No Turning Back (political group)

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No Turning Back is a group within the British Conservative Party advocating Thatcherite policies. It was founded in 1985 to defend Margaret Thatcher's free-market reforms.[1] The group was named in honour of Thatcher's 1980 Conservative conference quote "U-turn if you want to. The lady's not for turning."[2] No Turning Back published less material in the nineties and became involved in Conservative party in-fighting, resulting in both Michael Portillo and Francis Maude leaving the group,[1][2] but became more prominent during Iain Duncan Smith's time as Conservative leader because he had been a member until he was elected.[2]

Since 2005 the No Turning Back group has been chaired by John Redwood. It reportedly has "about 100 members" with "quite a lot" from the 2010 intake.[3] It has published pamphlets on the subjects of taxation and social mobility in the past, although the group exists mainly as a private dining club, meeting monthly, usually inviting a Minister or external expert to speak. There are currently no plans to launch future pamphlets.

The group has been seen as "deeply antagonistic" towards David Cameron, specifically early on in his leadership.[4]


The No Turning Back Group allegedly discussed their 'grumbles' at David Cameron over a bowl of soup at the so-called Dinner Party Plot (2013). John Redwood refutes these claims.[5]

Brightly Coloured Ties[edit]

Due to the group, brightly coloured ties have become a symbol of political purity on the right of the conservative party. Following the Death of Eric Forth in 2006, his widow donated a stock of his sizable brightly coloured tie selection to the group. The annual "Eric Forth Memorial Award" was subsequently established, 'for the MP who had done most to carry on Eric's work'. The first winner of this award was Philip Davies who said "winning the award was one of the most special moments of my life in parliament".[6]

Similar Groups[edit]

The group shares many aims and members with the 92 Group (which is chaired by Christopher Chope, who is also a member of No Turning Back) and the Cornerstone Group (chaired by Sir Edward Leigh, also a member of No Turning Back).


Past and current members include-


The group's publications include-

  • "Healthy Choices" 2002
  • "The Case for Lower Taxes" 2006[16]


  1. ^ a b c d "Portillo turns back on No Turning Back". BBC. 2 November 2000. Retrieved 2 April 2008.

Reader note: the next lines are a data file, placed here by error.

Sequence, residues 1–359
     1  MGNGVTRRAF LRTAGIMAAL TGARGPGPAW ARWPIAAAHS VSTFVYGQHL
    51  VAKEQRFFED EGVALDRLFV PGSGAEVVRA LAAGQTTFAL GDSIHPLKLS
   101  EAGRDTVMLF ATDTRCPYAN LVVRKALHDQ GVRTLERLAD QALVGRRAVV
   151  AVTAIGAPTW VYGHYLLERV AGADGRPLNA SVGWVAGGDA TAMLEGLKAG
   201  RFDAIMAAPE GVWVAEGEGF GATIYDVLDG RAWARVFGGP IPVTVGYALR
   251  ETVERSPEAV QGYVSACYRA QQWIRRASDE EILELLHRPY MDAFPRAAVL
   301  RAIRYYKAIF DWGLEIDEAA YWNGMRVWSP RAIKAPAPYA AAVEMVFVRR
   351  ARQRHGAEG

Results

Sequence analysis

2. ^ a b c d e f g h i j k Morris, Nigel (1 March 2002). "No Turning Back group steps back into spotlight". The Independent. London. Archived from the original on 21 June 2022. Retrieved 2 April 2008.
  3. ^ Barrett, Matthew. "What is the No Turning Back group? Matthew Barrett profiles the keepers of the Thatcherite flame". ConservativeHome. Retrieved 10 October 2016.
  4. ^ "Cameron's 'u-turns' disturb No Turning Back group". ConservativeHome. Retrieved 10 October 2016.
  5. ^ "Tory MP Adam Afriyie on party positioning for leadership (17Mar13)". YouTube. The Daily Politics.[dead YouTube link]
  6. ^ "Picturing Politics: Eric Forth and his brightly coloured ties". Ballots and Bullets. University of Nottingham. Retrieved 10 October 2016.
  7. ^ a b c Shrimsley, Robert (3 August 1993). "MPs propose tailor-made benefits to cut spending". The Daily Telegraph. London. p. 8.
  8. ^ Mp, Conservative (16 October 2002). "Michael Fallon". BBC. Retrieved 2 April 2008.
  9. ^ Roth, Andrew; White, Michael (19 May 2006). "Eric Forth". The Guardian. London. Retrieved 2 April 2008.
  10. ^ "About Greg". Retrieved 6 July 2012.
  11. ^ Bevins, Anthony (8 October 1995). "Anthony Bevins: Tories rocked as senior MP Alan Howarth defects to Labour". Retrieved 30 June 2017.
  12. ^ "Gerald Howarth MP". Conservative Party. Archived from the original on 14 March 2007. Retrieved 2 April 2008.
  13. ^ Travis, Alan (14 January 1994). "WESTMINSTER SCANDAL: Key players: An unreconstructed Thatcherite at the core of the cottage plot". The Guardian. Manchester.
  14. ^ Mp, Conservative (17 October 2002). "Edward Leigh". BBC. Retrieved 2 April 2008.
  15. ^ "Duncan Smith, champion of the right". BBC. 15 August 2001. Retrieved 2 April 2008.
  16. ^ Kite, Melissa (3 September 2006). "We must cut tax as a matter of morality, senior Tories insist". The Telegraph. Retrieved 10 October 2016.